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Disturbed Body Image | Nursing Care Plan for Fecal Diversions

Nursing diagnosis: disturbed Body Image related to Biophysical—presence of stoma, loss of control of bowel elimination, Psychosocial—altered body structure, Disease process—cancer, colitis, and associated treatment regimen

Possibly evidenced by
Verbalization of change in body image, fear of rejection or reaction of others, and negative feelings about body
Actual change in structure and/or function—ostomy
Not touching or looking at stoma, refusal to participate in care

Desired Outcomes/Evaluation Criteria—Client Will
Body Image
Verbalize acceptance of self in situation, incorporating change into self-concept without negating self-esteem.
Demonstrate beginning acceptance by viewing and touching stoma and participating in self-care.
Verbalize feelings about stoma and illness; begin to deal constructively with situation.

Nursing intervention with rationale:
1. Ascertain whether support and counseling were initiated when the possibility and/or necessity of ostomy was first discussed.
Rationale: Provides information about client’s/SO’s level of knowledge and anxiety about individual situation.

2. Encourage client/SO to verbalize feelings regarding the ostomy. Acknowledge normality of feelings of anger, depression, and grief over loss. Discuss daily “ups and downs” that can occur.
Rationale: Helps client realize that feelings are not unusual and that feeling guilty about them is not necessary or helpful. Client needs to recognize feelings before they can be dealt with effectively.

3. Review reason for surgery and future expectations.
Rationale: Client may find it easier to deal with an ostomy done to correct long-term disease than for traumatic injury, even if ostomy is only temporary. Also, client who will be undergoing a second procedure to convert ostomy to a continent or anal reservoir, may possibly encounter less severe self-image problems because body function eventually will be "more normal."

4. Note behaviors of withdrawal, increased dependency, manipulation, or noninvolvement in care.
Rationale: Suggestive of problems in adjustment that may require further evaluation and more extensive therapy.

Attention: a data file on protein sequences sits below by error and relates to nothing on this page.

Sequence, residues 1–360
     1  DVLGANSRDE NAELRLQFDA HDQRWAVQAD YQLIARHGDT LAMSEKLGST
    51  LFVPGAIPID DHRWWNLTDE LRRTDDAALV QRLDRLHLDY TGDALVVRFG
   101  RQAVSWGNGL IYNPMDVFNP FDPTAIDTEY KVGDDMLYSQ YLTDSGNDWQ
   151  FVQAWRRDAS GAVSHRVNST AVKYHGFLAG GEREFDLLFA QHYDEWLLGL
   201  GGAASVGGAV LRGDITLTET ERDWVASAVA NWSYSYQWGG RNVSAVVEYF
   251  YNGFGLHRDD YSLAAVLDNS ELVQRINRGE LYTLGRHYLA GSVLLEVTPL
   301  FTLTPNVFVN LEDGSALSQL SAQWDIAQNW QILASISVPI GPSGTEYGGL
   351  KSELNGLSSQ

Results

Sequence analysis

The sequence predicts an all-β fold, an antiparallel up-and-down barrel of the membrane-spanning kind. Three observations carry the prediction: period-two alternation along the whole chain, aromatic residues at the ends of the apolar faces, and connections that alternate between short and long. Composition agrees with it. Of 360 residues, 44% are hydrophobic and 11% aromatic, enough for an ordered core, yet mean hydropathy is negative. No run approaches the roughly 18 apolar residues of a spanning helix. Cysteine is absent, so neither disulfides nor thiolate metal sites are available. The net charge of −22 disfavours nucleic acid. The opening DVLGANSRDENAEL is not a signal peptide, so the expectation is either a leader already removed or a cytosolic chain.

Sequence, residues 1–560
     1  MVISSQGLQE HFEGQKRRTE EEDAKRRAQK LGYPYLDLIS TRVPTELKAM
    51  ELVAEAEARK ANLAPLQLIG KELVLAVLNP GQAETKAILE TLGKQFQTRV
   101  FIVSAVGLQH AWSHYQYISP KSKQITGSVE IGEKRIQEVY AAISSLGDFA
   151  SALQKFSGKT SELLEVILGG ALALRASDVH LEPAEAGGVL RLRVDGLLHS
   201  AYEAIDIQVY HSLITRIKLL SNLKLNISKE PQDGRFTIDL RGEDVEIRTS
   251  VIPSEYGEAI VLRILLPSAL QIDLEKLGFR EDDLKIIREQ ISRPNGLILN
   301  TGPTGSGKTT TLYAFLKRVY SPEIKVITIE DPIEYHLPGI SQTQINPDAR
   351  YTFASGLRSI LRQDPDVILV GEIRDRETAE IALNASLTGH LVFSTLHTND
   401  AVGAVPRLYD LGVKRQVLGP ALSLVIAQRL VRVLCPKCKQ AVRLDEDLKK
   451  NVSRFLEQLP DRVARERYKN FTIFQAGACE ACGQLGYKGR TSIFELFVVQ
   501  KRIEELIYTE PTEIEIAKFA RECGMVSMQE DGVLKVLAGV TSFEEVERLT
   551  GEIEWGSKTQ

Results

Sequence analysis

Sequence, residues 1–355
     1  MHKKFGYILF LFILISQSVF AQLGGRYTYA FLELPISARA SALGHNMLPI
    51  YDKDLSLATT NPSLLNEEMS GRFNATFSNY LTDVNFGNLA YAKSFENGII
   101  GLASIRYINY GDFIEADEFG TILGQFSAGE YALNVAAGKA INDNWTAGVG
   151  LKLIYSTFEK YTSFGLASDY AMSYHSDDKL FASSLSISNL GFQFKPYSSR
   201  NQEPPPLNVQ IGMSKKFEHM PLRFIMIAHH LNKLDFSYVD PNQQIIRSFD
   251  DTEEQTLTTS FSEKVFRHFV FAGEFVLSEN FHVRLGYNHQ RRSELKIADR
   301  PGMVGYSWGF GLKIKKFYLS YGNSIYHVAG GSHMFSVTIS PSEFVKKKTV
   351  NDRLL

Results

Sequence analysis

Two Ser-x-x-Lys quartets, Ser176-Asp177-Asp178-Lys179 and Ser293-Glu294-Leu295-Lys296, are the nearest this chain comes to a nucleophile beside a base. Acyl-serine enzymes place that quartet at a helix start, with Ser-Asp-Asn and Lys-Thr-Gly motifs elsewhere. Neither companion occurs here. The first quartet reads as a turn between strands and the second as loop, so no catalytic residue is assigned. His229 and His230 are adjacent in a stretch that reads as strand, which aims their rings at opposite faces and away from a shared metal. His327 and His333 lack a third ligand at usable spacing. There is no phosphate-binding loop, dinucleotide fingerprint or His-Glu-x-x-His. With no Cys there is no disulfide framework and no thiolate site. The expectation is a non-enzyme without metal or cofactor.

5. Provide opportunities for client/SO to view and touch stoma, using the moment to point out positive signs of healing, normal appearance, and so forth. Remind client that it will take time to adjust, both physically and emotionally.
Rationale: Although integration of stoma into body image can take months or even years, looking at the stoma and hearing comments made in a normal, matter-of-fact manner can help client with this acceptance. Touching stoma reassures client/SO that it is not fragile and that slight movements of stoma actually reflect normal peristalsis.

6. Provide opportunity for client to deal with ostomy through participation in self-care.
Rationale: Independence in self-care helps improve self-confidence and acceptance of situation.

7. Plan care activities with client.
Rationale: Promotes sense of control and gives message that client can handle situation, enhancing self-concept.

8. Maintain positive approach during care activities, avoiding expressions of disdain or revulsion. Do not take angry expressions of client/SO personally.
Rationale: Assists client/SO to accept body changes and feel good about self. Anger is most often directed at the situation and lack of control or powerlessness individual has over what has happened—not with the individual caregiver.

9. Ascertain client’s desire to visit with a person with an ostomy. Make arrangements for visit, if desired.
Rationale: A person who is living with an ostomy can be a good support system and role model. Shared experiences helps reinforce teaching and facilitates acceptance of change as client realizes “life does go on” and can be relatively normal.
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